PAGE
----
Measure for Measure

Protagoras (490–420 B.C.E.) said that “man is the measure of all things,” but Protagoras had never seen a modern hospital.

I’ve been making hospital calls for years and sympathizing with patients who feel they are so constantly being tested that they have no chance to get better. It’s the first thing that happens when they look at you in the Emergency Room: take your temperature, your pulse, your blood pressure, your oxygen level, send you off for x-rays, ask you to blow into a peak flow meter. My chief complaint was that when I was sickest, they did it most, waking me from a sound sleep to check my “vital signs.”

But what was different this time was the extent to which the measurements made themselves. The last time I had my blood pressure taken it had been done the “traditional” way: the aide put a cuff on my arm, put the stethoscope under it, puffed it up with a little squeeze ball, watched as the pressure changed, and made a note of the reading. Old Dr. Gilray did that when I was a child. But this time, the aide put a velcro cuff on my arm and went about her business while the cuff puffed itself up, took a reading, and reported it to her with a beep.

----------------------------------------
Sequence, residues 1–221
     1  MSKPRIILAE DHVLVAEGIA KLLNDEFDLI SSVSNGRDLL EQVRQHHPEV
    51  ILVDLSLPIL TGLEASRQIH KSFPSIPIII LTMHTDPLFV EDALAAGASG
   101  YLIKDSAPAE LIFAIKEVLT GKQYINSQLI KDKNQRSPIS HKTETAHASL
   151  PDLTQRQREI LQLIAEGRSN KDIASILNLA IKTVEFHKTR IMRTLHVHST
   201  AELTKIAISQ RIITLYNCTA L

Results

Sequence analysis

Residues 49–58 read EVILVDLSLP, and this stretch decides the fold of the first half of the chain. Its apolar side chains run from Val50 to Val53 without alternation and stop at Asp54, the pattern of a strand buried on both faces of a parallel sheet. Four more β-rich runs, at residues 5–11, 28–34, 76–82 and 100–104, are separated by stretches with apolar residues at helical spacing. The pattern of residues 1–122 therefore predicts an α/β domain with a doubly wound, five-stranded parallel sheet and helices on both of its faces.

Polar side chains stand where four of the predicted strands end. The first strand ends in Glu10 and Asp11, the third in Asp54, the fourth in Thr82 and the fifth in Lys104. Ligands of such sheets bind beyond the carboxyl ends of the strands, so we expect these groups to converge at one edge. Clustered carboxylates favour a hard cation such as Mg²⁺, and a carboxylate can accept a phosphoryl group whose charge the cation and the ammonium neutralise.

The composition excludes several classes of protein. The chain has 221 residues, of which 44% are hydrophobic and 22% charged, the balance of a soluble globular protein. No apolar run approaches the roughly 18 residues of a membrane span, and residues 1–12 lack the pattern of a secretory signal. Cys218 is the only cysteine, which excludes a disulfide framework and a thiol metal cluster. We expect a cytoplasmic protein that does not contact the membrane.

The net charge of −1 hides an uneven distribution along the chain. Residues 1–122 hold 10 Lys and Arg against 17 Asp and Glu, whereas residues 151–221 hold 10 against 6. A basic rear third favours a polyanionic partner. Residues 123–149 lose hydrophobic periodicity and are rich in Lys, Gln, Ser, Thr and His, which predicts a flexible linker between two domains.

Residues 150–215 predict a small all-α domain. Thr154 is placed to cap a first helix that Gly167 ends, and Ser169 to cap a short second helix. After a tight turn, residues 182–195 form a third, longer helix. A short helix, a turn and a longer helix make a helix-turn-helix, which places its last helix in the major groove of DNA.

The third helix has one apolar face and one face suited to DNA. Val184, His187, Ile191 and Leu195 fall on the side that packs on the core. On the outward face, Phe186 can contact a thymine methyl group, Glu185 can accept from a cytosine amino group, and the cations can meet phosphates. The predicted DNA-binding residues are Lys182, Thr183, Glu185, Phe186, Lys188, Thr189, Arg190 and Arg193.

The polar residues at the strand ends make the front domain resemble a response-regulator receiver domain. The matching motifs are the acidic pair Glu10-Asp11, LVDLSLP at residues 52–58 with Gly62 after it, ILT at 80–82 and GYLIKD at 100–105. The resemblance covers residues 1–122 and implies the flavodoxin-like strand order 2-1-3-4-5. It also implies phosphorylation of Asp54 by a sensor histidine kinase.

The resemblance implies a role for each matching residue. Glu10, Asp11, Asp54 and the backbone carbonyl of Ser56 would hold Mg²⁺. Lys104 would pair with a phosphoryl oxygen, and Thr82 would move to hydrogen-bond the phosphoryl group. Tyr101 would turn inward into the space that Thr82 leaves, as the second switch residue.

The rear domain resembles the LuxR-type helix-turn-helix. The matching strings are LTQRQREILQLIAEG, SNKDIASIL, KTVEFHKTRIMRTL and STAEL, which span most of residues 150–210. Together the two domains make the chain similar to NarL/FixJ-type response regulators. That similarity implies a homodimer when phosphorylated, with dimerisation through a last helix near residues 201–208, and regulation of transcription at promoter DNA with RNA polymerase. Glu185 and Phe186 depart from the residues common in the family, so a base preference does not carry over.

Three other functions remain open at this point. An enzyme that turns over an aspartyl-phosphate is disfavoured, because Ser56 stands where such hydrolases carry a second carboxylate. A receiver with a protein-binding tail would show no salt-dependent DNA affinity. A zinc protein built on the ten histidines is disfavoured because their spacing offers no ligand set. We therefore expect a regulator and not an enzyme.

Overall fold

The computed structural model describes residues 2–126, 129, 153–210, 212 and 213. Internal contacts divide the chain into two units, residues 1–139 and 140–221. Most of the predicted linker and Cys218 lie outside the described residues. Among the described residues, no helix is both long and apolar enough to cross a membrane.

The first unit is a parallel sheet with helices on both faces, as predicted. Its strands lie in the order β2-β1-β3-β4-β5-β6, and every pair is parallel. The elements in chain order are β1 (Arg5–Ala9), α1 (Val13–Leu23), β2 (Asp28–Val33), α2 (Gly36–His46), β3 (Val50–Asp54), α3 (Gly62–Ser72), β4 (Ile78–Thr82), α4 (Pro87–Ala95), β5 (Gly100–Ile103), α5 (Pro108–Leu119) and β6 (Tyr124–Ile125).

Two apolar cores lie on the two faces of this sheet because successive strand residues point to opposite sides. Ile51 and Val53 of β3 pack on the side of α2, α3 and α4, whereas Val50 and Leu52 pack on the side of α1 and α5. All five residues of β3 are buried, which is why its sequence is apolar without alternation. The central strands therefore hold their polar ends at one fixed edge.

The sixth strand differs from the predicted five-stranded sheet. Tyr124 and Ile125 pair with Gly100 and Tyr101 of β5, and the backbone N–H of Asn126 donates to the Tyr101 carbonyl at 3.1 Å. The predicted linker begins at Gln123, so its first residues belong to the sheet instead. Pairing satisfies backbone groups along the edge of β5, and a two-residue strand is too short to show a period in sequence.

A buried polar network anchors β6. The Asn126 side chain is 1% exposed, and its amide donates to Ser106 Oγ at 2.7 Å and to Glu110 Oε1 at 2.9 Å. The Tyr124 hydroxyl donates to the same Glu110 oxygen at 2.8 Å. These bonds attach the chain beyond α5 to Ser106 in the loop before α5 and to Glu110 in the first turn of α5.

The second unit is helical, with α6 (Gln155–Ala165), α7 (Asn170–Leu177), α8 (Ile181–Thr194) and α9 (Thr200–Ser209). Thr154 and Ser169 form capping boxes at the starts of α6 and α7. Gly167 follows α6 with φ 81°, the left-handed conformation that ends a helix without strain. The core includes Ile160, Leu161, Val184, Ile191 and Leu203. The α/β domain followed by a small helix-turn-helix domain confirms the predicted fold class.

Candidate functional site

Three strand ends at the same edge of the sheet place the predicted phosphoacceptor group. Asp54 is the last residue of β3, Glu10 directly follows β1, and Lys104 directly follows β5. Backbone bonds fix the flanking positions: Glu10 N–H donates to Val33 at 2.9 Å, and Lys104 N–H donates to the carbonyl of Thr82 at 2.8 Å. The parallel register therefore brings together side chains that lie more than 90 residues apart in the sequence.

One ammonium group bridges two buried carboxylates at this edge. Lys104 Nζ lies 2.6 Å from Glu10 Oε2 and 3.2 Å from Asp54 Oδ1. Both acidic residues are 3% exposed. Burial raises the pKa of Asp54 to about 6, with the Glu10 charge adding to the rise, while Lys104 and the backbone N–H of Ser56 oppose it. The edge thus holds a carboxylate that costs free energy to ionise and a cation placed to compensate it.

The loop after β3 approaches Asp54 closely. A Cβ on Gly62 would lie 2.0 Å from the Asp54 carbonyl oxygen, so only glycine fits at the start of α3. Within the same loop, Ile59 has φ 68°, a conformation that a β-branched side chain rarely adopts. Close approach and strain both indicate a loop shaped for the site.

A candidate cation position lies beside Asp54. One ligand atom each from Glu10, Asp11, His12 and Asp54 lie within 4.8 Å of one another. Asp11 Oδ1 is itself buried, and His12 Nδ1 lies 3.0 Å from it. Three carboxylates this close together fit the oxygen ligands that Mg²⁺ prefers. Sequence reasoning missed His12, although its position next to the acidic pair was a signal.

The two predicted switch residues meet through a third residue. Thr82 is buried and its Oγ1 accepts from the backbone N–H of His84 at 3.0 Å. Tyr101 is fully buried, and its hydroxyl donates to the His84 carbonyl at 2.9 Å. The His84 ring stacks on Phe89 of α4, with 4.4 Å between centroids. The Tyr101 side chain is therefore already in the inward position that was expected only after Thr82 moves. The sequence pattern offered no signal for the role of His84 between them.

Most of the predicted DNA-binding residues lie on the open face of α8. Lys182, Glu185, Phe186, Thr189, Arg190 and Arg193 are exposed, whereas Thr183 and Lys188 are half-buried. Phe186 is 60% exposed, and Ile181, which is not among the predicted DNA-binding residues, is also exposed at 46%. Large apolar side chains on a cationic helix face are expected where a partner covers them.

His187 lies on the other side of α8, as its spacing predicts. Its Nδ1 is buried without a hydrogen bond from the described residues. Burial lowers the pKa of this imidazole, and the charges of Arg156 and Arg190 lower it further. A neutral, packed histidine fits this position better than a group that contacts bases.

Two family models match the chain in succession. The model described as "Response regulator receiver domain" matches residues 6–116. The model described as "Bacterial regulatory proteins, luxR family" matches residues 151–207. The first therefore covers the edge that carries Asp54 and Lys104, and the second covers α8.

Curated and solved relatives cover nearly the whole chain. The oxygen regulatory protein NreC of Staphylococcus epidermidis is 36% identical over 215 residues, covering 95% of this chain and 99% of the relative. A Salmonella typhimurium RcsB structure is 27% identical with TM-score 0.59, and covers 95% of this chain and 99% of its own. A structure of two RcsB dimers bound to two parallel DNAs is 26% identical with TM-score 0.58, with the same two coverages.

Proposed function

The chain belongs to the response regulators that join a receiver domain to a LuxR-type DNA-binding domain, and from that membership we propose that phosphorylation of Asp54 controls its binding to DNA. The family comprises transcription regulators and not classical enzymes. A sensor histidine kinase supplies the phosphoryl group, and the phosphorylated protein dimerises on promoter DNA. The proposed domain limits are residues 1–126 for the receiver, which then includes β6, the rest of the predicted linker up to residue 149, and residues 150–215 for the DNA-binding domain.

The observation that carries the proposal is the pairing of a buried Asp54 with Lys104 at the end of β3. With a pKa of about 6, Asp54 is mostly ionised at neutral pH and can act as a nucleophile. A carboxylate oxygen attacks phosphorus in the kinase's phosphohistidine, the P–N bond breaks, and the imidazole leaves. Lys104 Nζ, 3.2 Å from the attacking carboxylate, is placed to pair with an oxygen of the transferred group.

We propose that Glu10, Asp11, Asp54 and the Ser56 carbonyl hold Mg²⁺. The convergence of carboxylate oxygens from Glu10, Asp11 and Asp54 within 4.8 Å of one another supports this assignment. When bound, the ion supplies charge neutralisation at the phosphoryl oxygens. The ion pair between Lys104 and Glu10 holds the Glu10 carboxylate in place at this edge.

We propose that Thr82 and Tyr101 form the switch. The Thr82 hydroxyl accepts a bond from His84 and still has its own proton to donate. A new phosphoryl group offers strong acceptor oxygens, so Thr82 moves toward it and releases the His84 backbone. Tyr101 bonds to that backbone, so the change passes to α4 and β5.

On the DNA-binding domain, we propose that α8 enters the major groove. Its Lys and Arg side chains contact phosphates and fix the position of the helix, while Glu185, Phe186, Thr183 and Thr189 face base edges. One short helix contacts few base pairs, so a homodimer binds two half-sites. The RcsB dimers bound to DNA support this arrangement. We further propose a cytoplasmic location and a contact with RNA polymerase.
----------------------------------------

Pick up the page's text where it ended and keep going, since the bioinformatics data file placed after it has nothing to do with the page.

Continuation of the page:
Everything’s automatic these days. Remember how hard it used to be to read a thermometer, holding it just right to see the silver thread and sticking it back in again and again when it seemed not to be registering? No more. Just stick it in, take it out at the beep, and you’ve got it. And how about the little finger clip that reads the oxygenation level of your blood? Dr. Gilray knew, of course, that there’s oxygen in the blood, but to get a painless and instantaneous reading? Impossible.

What gave me pause was the realization that in this world of increasing reliance on computerized everything, where people nervously ask how long we can continue to out-think the machine, it’s no longer about humankind measuring the world. I have become a mere source of statistics. The machines are measuring us, and they know more about us than we do!

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